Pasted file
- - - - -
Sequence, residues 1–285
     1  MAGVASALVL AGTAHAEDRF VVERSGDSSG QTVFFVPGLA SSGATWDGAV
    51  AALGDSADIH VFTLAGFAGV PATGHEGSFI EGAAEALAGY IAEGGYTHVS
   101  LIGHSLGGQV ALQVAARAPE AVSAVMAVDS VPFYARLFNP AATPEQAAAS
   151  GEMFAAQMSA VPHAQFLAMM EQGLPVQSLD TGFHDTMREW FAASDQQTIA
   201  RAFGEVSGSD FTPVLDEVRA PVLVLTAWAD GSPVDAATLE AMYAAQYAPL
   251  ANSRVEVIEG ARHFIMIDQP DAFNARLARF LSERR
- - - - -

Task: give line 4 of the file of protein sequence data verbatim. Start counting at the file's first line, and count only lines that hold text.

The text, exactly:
   101  LIGHSLGGQV ALQVAARAPE AVSAVMAVDS VPFYARLFNP AATPEQAAAS